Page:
Arthur Ashe died twenty-five years ago TODAY — February 6, 1993.
I remember weeping when the news came over television.
Ashe had contracted the virus that causes AIDS while undergoing open heart surgery in the days before they tested blood (late 70s), and revealed his illness mere months before he died.
So, in his honor, here are five things you may not have known about Arthur Ashe:
1. He remembered my name. When I worked at the U.S. Tennis Association from 1985-87, we had organizational meetings every year during the U.S. Open tournament in New York City. At the 1985 Open, we were in a committee meeting together, and I very nervously stuck out my hand and said, “I’m Talbot Davis. I ball boy’d your matches at WCT in Moody Coliseum back in the day.” He was pleasant but not effusive, as I’m sure he’d had a million “I was your ball boy” introductions before. Well, the NEXT year, 1986, we were in the same committee meeting, same room, same hotel. We had not seen each other in the intervening year. He turns to me and says, “Hello, Talbot.” Whoa. And some of you at Good Shepherd think I have a thing with names … just think of all the people he met and glad handlers he faced.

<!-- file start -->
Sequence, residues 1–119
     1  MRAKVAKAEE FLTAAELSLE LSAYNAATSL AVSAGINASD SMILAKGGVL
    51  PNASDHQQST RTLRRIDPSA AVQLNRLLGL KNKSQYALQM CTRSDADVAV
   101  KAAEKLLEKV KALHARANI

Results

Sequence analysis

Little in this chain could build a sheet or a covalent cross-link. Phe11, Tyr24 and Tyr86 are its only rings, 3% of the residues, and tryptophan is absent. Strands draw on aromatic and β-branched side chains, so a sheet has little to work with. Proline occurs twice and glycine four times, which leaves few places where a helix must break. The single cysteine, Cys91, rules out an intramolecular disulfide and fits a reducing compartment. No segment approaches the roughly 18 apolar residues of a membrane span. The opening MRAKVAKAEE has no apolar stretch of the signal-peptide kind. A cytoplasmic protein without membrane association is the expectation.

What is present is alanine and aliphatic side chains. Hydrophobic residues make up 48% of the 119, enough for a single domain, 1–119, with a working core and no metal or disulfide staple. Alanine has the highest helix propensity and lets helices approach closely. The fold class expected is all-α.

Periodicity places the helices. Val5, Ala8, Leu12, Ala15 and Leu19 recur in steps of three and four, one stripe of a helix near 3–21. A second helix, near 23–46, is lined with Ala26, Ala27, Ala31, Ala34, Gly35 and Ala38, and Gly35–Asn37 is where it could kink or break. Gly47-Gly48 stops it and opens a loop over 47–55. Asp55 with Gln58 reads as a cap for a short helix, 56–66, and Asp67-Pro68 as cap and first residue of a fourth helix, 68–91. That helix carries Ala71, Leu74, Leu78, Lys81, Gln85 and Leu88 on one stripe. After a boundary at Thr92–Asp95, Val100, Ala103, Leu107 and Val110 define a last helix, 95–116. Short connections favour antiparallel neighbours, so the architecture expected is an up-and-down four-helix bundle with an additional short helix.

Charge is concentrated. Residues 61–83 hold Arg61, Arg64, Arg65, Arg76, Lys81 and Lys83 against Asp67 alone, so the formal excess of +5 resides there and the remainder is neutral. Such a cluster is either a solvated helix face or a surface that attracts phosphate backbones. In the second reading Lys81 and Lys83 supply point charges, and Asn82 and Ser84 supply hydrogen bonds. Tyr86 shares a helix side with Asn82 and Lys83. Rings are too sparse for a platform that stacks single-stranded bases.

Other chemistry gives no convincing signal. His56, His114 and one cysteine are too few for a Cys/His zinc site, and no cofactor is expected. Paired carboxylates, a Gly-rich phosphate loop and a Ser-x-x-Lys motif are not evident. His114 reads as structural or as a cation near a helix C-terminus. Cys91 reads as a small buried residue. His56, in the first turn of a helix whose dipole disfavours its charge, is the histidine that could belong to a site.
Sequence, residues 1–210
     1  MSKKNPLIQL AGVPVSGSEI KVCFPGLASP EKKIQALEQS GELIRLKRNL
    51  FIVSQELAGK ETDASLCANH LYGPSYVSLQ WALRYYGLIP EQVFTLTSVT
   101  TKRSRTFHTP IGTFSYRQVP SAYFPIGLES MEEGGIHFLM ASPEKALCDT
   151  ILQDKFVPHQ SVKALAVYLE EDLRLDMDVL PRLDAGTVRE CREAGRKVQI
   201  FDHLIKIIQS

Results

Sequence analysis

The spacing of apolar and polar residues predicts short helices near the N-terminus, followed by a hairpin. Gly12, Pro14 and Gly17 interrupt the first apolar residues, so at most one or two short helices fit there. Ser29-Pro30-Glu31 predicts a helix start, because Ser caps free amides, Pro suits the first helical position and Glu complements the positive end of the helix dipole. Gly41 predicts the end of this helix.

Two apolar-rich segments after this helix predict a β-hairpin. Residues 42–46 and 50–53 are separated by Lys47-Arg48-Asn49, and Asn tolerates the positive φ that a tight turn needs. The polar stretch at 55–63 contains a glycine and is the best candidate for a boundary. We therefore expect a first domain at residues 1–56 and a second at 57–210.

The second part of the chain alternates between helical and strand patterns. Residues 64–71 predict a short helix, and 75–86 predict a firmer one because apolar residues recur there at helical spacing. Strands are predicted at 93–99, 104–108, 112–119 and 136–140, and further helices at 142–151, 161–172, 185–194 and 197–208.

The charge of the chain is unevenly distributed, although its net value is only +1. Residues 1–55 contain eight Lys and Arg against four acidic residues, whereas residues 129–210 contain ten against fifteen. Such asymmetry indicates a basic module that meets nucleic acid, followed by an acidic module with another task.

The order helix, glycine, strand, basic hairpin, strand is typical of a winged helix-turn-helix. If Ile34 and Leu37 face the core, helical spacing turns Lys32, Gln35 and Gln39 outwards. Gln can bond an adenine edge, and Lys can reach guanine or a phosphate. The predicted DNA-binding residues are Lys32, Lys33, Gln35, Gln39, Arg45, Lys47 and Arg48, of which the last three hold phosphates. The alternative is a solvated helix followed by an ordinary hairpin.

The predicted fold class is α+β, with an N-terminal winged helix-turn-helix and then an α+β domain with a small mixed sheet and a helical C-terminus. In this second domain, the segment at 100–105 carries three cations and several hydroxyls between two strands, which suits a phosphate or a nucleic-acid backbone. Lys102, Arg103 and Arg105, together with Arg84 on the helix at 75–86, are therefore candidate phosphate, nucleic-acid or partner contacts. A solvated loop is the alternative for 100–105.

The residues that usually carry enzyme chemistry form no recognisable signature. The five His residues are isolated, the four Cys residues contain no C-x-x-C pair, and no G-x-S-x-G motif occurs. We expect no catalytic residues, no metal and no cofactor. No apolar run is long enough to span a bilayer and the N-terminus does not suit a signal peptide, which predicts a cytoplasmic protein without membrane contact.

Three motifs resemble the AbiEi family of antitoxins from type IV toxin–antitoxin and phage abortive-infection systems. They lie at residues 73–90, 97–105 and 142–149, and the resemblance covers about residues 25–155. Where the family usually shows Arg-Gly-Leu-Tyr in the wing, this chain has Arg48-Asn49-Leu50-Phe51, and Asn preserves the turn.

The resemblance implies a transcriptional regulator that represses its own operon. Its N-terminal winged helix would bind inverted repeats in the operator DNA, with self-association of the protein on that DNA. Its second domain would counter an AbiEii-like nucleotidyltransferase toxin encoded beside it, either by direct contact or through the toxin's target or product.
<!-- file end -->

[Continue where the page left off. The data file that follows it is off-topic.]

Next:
2.His book length diary, “Portrait In Motion, written in 1973 with Frank Deford is terrific. Anyone who loves tennis — or just enjoys an insight into the mind of an elite athlete — will enjoy this book.
3. When he switched from a wood racket to the Head Competition graphite, tennis entered the space age. People ridiculed the racket by calling it a rug beater, but it paved the way for every modern racket in use today.
4. His topspin backhand and his serve were marvelous shots. On the other hand, his forehand was streaky and his volleys were shaky (hey … good serve & backhand, not so great on the forehand … no WONDER he’s my hero!). When Ashe was on he could blow even the best opponents off the court. When he was off, he’d unforced error himself out of the match.
5. Every time I watch the replay of match point when he shocked Jimmy Connors in the finals of 1975 Wimbledon, I get a lump in my throat. And so should you. “He’s done it. He really has done it.”